Full-court press against Trump’s media attacks
Globe leads effort among editorial pages nationwide
ONE OF THE best-known lines concerning the job of the press in the Trump era, where a US president with little regard for the First Amendment to the Constitution he swore to defend seems to attack journalism on an almost daily basis, comes from Washington Post editor Marty Baron. “We are not at war, we’re at work,” the ever even-keeled newsman has said in numerous speeches, a line that he said recently will apparently now appear on his tombstone.
While the job of news pages, as Baron makes clear, may be to ignore all the noise and continue to report aggressively on those in powerful positions, as they always have, the editorial pages of hundreds of US newspapers today are making a loud statement that it’s anything but business as usual when it comes to the natural tension between a presidential administration and a vigorous press corps.
In an effort organized by Boston Globe op-ed page editor Marjorie Pritchard, about 350 newspapers across the country rolled out editorials today taking on Trump over his relentless attacks on the media.
“Today in the United States we have a president who has created a mantra that members of the media who do not blatantly support the policies of the current US administration are the ‘enemy of the people,’” reads the Globe’s editorial. “This is one of the many lies that have been thrown out by this president, much like an old-time charlatan threw out ‘magic’ dust or water on a hopeful crowd.”
Notably absent from the roster among major dailies is the Washington Post, where perhaps Baron’s anti-war mantra seeped into the thinking of the opinion page editors, even though they don’t work under him.
Closer to home, the Boston Herald, which has taken a big Trumpian turn under new editorial page editor Tom Shattuck, also shuns the effort. (Though the Herald editorial page chose not to join the effort, at least one of its reporters seems to wish it had. “Thank you to @GlobeOpinion for your leadership in defending the First Amendment, journalists and our democracy,” Herald education reporter Kathleen McKiernan tweeted this morning.)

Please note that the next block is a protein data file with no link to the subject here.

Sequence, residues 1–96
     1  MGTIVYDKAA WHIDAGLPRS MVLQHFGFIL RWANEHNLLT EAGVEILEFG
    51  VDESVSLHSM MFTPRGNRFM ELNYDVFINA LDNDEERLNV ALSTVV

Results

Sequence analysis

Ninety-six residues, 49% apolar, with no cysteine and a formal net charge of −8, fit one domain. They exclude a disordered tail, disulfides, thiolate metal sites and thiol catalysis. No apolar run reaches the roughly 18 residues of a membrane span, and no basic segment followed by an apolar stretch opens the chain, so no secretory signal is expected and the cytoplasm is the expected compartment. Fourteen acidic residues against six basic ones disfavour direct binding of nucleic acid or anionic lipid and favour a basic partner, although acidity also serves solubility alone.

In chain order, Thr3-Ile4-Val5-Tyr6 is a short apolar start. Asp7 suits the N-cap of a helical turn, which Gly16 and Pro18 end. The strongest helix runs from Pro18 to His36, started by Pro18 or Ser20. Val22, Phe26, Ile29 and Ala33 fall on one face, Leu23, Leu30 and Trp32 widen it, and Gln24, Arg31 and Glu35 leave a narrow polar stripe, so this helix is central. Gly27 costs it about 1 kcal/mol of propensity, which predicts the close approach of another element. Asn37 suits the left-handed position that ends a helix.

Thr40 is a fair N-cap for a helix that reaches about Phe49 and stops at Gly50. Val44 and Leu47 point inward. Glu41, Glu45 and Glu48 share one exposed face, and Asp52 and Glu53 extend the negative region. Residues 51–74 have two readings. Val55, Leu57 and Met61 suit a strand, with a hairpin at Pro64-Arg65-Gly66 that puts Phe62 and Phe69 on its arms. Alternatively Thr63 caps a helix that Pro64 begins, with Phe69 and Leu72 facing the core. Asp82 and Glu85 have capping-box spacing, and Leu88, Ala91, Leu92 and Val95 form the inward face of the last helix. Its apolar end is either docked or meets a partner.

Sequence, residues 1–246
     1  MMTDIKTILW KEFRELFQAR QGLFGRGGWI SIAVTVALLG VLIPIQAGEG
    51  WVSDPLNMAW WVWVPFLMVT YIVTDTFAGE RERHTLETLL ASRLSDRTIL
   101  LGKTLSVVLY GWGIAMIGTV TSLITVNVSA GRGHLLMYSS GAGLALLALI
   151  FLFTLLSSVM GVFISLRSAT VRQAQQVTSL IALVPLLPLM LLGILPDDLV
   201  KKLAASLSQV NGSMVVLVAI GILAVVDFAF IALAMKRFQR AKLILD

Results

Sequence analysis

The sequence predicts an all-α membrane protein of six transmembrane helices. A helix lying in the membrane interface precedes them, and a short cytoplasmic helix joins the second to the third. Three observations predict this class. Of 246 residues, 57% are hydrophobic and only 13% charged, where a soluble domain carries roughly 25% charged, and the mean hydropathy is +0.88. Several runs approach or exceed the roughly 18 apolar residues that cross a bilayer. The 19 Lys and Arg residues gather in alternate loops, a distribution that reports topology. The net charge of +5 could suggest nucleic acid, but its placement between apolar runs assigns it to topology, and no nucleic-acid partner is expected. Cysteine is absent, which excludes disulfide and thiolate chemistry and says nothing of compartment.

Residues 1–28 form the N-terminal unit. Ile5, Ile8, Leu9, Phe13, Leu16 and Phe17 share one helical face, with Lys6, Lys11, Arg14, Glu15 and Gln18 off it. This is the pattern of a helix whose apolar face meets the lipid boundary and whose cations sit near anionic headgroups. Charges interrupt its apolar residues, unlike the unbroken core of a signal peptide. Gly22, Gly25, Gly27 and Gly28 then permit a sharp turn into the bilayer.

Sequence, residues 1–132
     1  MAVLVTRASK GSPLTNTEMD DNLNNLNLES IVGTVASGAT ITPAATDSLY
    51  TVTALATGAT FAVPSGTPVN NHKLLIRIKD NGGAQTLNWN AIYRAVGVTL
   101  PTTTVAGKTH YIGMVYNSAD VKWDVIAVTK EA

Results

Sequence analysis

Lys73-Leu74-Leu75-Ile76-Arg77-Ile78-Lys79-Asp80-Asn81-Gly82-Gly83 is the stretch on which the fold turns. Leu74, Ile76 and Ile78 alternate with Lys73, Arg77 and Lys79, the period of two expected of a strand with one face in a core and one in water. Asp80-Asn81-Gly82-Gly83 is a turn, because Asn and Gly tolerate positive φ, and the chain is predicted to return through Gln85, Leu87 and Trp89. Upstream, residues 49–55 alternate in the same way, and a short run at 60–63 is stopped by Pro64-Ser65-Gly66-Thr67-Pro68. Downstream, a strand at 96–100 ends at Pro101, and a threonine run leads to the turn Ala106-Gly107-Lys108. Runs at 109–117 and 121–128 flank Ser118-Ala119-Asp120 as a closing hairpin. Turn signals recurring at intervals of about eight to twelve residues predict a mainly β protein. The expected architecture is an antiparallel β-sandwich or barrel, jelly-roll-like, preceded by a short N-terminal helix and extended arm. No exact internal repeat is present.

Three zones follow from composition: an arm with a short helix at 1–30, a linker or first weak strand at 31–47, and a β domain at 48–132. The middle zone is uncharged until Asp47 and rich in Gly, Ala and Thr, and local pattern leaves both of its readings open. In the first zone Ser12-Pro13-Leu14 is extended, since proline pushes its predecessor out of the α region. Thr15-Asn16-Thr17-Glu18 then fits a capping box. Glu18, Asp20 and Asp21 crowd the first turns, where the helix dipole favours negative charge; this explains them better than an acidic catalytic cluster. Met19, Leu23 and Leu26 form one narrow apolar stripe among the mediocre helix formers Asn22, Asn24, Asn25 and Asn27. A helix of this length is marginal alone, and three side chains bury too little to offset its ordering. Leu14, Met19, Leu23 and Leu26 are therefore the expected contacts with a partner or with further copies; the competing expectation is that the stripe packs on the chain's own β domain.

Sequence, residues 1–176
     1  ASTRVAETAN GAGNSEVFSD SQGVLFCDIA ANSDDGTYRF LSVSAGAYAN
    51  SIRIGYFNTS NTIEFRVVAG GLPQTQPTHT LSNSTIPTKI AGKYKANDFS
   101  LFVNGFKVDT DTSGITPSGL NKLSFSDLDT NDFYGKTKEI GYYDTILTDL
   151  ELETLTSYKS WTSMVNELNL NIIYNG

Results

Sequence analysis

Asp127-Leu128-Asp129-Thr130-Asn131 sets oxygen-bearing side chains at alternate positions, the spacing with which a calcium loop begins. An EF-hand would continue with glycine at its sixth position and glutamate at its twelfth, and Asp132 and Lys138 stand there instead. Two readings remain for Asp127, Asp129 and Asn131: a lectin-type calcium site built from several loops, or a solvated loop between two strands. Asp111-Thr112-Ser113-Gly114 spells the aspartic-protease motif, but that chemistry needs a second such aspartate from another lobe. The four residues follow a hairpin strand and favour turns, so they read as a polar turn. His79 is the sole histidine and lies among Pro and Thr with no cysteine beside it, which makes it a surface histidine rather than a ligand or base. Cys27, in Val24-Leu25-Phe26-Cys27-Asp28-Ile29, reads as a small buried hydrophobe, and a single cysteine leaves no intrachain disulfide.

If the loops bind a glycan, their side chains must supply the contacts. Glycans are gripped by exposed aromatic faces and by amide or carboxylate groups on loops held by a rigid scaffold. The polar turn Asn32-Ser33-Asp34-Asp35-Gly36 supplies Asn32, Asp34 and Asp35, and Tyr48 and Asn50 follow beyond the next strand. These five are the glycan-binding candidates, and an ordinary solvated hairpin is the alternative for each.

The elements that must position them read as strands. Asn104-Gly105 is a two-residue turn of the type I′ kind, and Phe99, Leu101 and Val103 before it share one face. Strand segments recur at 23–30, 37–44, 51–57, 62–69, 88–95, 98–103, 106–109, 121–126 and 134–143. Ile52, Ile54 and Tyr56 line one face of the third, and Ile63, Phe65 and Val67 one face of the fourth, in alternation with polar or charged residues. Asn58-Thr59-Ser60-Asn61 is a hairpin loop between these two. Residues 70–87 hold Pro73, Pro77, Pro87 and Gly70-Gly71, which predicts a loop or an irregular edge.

“The greatness of America is dependent on the role of a free press to speak the truth to the powerful,” concludes the Globe editorial. “To label the press ‘the enemy of the people’ is as un-American as it is dangerous to the civic compact we have shared for more than two centuries.”
Perhaps most disturbing are the poll numbers the Globe editorial includes that show just how widely Trump’s views are held, particularly by Republican voters. More than a quarter of all Americans think “the president should have the authority to close news outlets engaged in bad behavior,” a number that jumps to 43 percent among Republicans.
Northeastern University professor Dan Kennedy applauded the Globe for its leadership. “Journalism is under siege,” he wrote. “It’s time for us to stand up for our values and to remind the public of what the First Amendment is all about.”At the same time, he acknowledged an underlying reality of the editorial effort in the midst of an incredibly polarized political climate. “I doubt that more than a handful of hearts and minds are going to be changed on Thursday,” Kennedy wrote.
As if to underscore the point, Trump took to Twitter this morning with his own apparent response to the editorial onslaught, at once confirming his dangerous view of the press and reinforcing that he will only use the showdown to try to harden his backers’ decidedly illiberal beliefs about the role of the press in a democracy. “THE FAKE NEWS MEDIA IS THE OPPOSITION PARTY,” he declared. “It is very bad for our Great Country….BUT WE ARE WINNING!”